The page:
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House names refer to homesteads, the land with it and, in particular, the people living there. These names were created to make it easier to distinguish between people and were used for a homestead even after the owners changed.

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In some areas where farming is being abandoned and old houses torn down, these old names are vanishing from everyday language. Older people are often the only people that still know and use house names. But house names are also important for encouraging people to feel connected to their hometown.

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City and village

Generally, Slovenian house names are more common or just more often preserved in rural than in urban areas. Even though some areas that today are parts of cities, sometimes very close to city centres, used to be rural areas.

Most of the preserved city house names are names of inns.

For example, Gostilna pri Peclju in Ljubljana, which means The Inn at the Stem (according to oral tradition, the innkeeper used to throw cherry stems in with the cherries for sale) and Gostilna pri Žabarju, which means The Inn at the Frog Hunter's, where fried frog's legs and frog's legs with garlic and parsley have always been part of the menu, because the area of Ljubljana was very marshy. They say that children used to hunt frogs and bring them to the inn in exchange for treats.

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Original house names

Slovenian house names are also interesting because many of them are in dialect. For some, you need to know the old dialect of the area to understand them. For this reason house names are important for encouraging villagers to feel connected to their village.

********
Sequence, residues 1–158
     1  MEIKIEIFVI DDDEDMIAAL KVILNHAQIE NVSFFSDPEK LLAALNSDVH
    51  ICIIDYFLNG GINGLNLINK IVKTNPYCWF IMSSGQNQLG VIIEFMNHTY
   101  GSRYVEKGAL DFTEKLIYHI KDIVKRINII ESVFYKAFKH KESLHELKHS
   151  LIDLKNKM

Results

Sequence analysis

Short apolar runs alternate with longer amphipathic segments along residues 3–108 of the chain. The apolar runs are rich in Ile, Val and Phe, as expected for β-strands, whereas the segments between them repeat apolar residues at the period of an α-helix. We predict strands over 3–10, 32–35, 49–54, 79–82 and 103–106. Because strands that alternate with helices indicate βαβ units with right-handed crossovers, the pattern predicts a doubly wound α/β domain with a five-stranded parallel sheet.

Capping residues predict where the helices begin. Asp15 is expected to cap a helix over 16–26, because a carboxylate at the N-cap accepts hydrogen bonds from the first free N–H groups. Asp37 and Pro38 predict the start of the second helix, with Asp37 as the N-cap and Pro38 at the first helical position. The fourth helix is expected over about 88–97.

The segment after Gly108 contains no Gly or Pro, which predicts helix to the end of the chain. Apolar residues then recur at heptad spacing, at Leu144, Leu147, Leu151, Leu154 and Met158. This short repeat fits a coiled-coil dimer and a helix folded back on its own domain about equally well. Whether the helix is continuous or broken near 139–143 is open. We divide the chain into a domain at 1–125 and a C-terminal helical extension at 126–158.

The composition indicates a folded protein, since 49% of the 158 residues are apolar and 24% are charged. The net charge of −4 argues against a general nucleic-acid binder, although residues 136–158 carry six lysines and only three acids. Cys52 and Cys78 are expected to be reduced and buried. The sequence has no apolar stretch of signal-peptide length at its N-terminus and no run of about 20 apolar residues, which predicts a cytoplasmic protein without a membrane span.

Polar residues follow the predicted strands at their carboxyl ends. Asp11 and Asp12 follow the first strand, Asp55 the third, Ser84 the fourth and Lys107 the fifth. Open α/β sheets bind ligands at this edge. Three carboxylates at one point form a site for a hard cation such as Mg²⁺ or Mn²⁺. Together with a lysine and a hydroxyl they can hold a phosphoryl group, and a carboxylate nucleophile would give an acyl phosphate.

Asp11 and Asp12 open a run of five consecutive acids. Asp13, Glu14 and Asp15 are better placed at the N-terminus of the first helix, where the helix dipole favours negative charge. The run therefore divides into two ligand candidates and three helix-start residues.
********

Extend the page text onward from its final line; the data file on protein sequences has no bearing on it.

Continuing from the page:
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This part of our cultural heritage is more preserved in villages.

Slovenian house names are usually related to a person's profession, origin, their character or physical characteristic, or to an anecdote.

Common house names are: At the Smith's (blacksmithing), At the Sexton's (taking care of the church), At the Cobbler's (shoemaking), and names after the master of the house, such as At Tonc's (Anton) or At Jurček's (Jurij). Interestingly, in Kropa, which was a village of blacksmiths, there was not a single house named At the Smith's. The reason is, of course, that house names were used to distinguish them. In general, house names were related to the master of the house, rarely to the mistress. The exception was houses where a midwife lived (At the Midwife's).

Some houses were given names if they were linked to foreigners. Such names are: At the Italians', At the Croats', At the Americans', At the Spaniards'.

Knowledge of identity is a privilege

House names have a similar role to that of genealogy.

They are a link to our identity, fill us with pride in our ancestors and make us laugh at family anecdotes or sad if they are related to sad events.

In any case, this is who we are, and being unique and having your own identity is a privilege.


Author: Tanja Glogovčan Belančić

Date: 29. January 2024

Time to read: 1 min